Scope and arrangement
The Roberta Peters papers contain office files, photographs, programs, clippings, datebooks and diaries, scrapbooks, scores and audio/video recordings documenting every phase of Peters's long career at the Metropolitan Opera and beyond. The office files hold correspondence, subject files, management files, touring files and itineraries, publicity materials, repertoire lists, and Metropolitan Opera files documenting her Met career and her membership in and leadership of the Metropolitan Opera Guild. Programs, photographs, clippings and scrapbooks span the 1930s to the 1990s.
The audio portions of the collection contain performances and radio appearances. The performances include such operas as Bohemian Girl (Covent Garden, 1951), Il Barbiere Di Siviglia (the Metropolitan Opera, 1954), The Merry Widow (Cleveland Opera, 1986), La Traviata (Utah Opera, 1987), and La Boheme (Providence Opera, 1980); concert performances in Nagoya, Japan and Seoul, Korea (1989); and orchestral performances with the St. Louis Symphony (1982) and New York Pops (1992). The radio appearances include a Larry King interview (1994), a WNYC segment (1994), and Peters's testimony in defense of funding for the National Endowment for the Arts (1993).
The video portions of the collection date from the late 1950s to the late 1990s. They consist of performances and television/film appearances and interviews. The performances include four opera performances, including a duet with Robert Merrill in La Traviata (but only a single appearance with the Metropolitan Opera in 1976); two editions of the Voice Of Firestone program in 1959 and 1963; appearances with symphony orchestras; solo vocal recitals; footage of Peters's tours of China in 1980 and Korea in 1987; and special performances such as the 1989 Presidential Inaugural Gala and at the U.S. Holocaust Memorial Museum in 1993.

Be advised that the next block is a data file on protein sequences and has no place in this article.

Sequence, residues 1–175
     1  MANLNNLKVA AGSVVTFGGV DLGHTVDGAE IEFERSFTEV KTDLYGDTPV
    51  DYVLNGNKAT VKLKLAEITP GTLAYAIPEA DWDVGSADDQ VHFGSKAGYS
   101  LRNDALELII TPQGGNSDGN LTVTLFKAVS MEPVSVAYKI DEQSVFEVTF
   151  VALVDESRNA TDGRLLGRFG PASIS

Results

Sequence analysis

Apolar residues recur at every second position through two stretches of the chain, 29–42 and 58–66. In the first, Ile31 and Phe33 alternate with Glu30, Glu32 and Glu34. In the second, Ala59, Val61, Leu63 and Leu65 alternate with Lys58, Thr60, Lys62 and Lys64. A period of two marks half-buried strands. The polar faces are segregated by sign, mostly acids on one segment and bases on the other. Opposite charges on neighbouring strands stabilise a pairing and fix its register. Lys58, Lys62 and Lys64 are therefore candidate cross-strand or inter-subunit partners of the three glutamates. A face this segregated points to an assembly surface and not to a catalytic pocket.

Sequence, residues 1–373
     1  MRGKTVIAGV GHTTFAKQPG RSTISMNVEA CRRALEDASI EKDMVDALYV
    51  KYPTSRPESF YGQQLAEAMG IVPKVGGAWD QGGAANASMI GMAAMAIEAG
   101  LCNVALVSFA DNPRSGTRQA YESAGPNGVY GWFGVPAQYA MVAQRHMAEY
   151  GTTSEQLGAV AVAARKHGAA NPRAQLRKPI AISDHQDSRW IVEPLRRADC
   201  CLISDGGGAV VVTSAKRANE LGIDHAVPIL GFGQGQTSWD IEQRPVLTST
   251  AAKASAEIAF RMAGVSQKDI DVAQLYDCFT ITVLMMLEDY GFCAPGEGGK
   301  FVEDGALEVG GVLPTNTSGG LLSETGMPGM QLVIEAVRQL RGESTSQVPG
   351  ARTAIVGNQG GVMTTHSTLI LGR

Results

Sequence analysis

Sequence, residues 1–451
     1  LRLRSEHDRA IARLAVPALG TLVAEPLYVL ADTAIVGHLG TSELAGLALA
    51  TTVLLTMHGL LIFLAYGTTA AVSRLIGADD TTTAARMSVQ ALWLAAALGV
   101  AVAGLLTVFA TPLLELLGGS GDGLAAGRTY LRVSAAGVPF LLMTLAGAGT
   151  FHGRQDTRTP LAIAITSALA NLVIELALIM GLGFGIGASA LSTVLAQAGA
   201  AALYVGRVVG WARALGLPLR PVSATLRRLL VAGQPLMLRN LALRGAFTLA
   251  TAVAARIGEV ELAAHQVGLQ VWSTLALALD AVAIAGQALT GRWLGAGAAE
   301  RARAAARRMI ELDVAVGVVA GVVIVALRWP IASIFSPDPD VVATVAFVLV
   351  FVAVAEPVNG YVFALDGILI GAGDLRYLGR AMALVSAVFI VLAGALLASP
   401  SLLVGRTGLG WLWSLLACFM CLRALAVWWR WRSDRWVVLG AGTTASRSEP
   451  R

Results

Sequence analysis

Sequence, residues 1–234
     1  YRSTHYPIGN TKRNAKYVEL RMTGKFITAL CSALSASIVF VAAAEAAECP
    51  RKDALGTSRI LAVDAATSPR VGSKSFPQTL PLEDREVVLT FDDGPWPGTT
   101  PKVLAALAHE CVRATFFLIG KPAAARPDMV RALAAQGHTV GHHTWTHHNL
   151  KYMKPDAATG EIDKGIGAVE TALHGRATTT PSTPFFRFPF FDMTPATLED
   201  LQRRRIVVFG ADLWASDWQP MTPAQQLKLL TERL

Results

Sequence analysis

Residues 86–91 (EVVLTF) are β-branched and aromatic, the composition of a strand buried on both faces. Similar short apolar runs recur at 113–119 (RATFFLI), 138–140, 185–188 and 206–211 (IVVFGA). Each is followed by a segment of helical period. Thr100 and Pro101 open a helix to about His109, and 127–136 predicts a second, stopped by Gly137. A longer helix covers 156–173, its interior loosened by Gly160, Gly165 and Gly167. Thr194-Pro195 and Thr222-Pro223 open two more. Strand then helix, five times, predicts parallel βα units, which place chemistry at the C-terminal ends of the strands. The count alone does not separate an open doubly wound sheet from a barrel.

The television and film appearances include talk and entertainment shows such as Edward R. Murrow's Person To Person (1957); The Jack Benny Program (1962); The Ed Sullivan Show (undated); the Mike Douglas Show (1970s); Dinah (1977); and the Merv Griffin Show (1978 and 1985). They also include her appearances on the news programs 60 Minutes (1981) and CBS Sunday Morning (1986); Captain Kangaroo (1975); several public service announcements for the United Jewish Appeal and public television; a program produced about Peters called Roberta Peters In Opera And Song (1990); her hosting appearances on the Bravo Network in the 1980s; two Kennedy Center Honors appearances in 1984 and 1986; acting roles in the soap opera One Life To Live (1982), the television series Hotel (1986) and the film City Hall (1996); and commercial appearances for Weight Watchers, American Express and Chock Full O'Nuts.
Inquiries regarding audio and video in the collection may be directed to the Rodgers and Hammerstein Archives of Recorded Sound (email@example.com). Audio and video materials will be subject to preservation evaluation and migration prior to access.
The Roberta Peters collection is arranged in seven series:
The office files consist of correspondence and subject files, publicity materials, management files, touring files, repertoire lists, awards and honors, an oral history, speech texts, and film/television scripts, among other items. The correspondence is with a wide array of friends, colleagues and people with whom Peters and her husband/manager Bert Fields were doing business. Among the friends and colleagues with significant correspondence are Jan Peerce, Max Rudolf (whose letters contain musical performance suggestions), and Charles Nelson Reilly. The subject files document performances or other events held in particular locations or associated with particular people or organizations. These include Peters's activities with Jewish and other charities, and her role in the National Council on the Arts and advocacy for the National Endowment for the Arts. The White House files document Peters's invitations to and/or performances in the White House for Presidents Kennedy, Johnson, Nixon, Ford, Carter, Reagan, Bush and Clinton. Publicity materials are mainly filed under biographies. One biographical essay, A Debut At The Met, is filed under its author, Louis Biancolli.